Recipient of the Taiwan Fellows Research Scholarship
In September 2010, I began a Post-Doctoral Research Fellowship at the Musculoskeletal Research Center (MSRC), in the Department of Bioengineering at the University of Pittsburgh, directed by Dr. Savio L-Y. Woo. I am an Orthopaedics Residency Fellow from the Orthopaedics Residency Program at the University of Perugia, Italy, directed by Professor Giuliano Cerulli. In the summer of 2011, I was honored to receive the Taiwan Fellows Research Scholarship that was donated to ASIAM Institute by Drs. Chih-Hwa Chen, Wei-Hsiu Hsu, Yin-Chih Fu and Ping-Cheng Liu. During my fellowship at the MSRC, my research was focused primarily on the development of magnesium (Mg)-based interference screws for anterior cruciate ligament (ACL) reconstruction as a novel class of bio-absorbable material. Screws and suture anchors are utilized broadly and regularly as fixation devices in orthopaedics. Screws are also used in repair or reconstruction procedures following injury to soft tissues, especially ligaments and tendons in the knee, shoulder, wrist and ankle joints.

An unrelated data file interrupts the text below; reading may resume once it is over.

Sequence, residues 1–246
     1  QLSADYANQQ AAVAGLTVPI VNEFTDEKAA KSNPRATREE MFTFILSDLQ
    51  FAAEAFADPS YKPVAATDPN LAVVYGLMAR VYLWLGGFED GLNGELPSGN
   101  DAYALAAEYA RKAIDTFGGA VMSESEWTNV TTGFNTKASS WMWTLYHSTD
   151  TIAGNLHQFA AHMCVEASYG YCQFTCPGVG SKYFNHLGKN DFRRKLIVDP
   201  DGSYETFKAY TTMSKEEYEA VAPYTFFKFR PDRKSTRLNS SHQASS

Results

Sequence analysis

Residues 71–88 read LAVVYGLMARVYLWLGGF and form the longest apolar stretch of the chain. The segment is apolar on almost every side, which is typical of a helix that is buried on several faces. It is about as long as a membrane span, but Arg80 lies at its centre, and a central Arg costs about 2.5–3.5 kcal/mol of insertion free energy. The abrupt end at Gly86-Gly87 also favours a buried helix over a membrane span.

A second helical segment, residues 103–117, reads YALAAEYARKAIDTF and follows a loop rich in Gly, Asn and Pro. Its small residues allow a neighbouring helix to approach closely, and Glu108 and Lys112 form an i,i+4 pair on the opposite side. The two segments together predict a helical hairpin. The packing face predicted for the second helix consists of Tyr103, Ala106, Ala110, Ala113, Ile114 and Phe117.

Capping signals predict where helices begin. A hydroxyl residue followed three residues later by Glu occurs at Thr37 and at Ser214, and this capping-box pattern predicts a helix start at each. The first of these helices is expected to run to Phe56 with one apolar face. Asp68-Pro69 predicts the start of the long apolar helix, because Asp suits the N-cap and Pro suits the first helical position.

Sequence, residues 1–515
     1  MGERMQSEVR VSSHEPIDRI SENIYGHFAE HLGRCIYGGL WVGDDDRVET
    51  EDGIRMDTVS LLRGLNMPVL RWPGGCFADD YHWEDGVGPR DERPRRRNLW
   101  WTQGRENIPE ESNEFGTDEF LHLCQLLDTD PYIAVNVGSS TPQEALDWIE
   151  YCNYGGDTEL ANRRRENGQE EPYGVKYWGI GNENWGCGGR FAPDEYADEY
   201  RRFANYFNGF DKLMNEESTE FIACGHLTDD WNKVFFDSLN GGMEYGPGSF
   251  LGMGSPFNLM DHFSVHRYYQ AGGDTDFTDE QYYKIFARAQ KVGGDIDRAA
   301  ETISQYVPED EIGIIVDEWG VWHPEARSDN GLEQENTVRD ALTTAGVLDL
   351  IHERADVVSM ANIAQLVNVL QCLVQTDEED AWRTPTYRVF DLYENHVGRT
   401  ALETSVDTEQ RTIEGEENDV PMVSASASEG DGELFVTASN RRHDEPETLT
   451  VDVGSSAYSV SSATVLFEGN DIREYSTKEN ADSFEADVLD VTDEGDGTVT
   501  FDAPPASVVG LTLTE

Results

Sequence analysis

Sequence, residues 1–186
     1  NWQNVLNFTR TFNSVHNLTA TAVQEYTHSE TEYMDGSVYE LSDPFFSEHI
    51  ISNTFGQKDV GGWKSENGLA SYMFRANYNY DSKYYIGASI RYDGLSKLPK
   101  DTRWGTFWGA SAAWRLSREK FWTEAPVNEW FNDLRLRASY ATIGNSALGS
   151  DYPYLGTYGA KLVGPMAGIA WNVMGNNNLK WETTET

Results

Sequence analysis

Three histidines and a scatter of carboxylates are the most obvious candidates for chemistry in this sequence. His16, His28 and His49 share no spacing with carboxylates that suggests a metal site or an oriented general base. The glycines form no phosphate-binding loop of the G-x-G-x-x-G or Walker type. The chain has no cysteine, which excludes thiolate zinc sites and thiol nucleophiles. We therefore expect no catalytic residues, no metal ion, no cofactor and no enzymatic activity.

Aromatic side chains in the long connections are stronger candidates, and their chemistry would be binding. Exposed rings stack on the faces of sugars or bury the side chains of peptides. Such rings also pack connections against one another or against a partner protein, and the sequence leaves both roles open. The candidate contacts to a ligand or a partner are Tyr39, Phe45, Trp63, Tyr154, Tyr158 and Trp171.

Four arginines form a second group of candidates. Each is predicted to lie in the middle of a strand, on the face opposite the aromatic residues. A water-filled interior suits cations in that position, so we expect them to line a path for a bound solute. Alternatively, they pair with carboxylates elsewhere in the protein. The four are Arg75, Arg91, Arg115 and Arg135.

Together with Mr. Kwang Kim, Ms. Katie Farraro, Mr. Hunter Eason and Ms. Aimee Pickering, we started to develop a novel class of biodegradable metallic screws based on Mg alloys. The devices made from these materials can have the desirable properties to effectively address the shortfalls of existing metallic and polymeric screws. The successful development of an ideal interference screw should change the clinical paradigm to significantly impact clinical practice. In the case of ACL reconstruction, the increased osteoinduction by Mg-based screws could reduce tunnel widening by stimulating the overall healing of the graft within the tunnel for an improved long-term outcome. Having all the advantages of metallic and polymeric materials, screws made from Mg alloys could also reduce the chance of implant breakage during implantation, have controllable rates of degradation, and improve osteo-integration in vivo, while having only minimal MRI interference following their implantation. Using literature for reference, a surgical technique for in-vitro as well as in-vivo surgeries in a goat ACL reconstruction model, was established. By the end of summer, I performed more than fifteen in-vivo surgeries to test the effectiveness of the Mg-based screws compared with the commercially available polymer interference screws. This was the most exciting part of my study. During my experience at the MSRC, I contributed to the development of a second generation Mg interference screw and hopefully, a Mg screw for the human clinical practice for the future. Certainly more has to be done, but it was my first opportunity to conduct and understand how to do research in my area of interest. It would not have been possible without the support of Dr. Woo, Professor Cerulli, The Taiwan Fellows Research Scholarship and my Family. Thank you!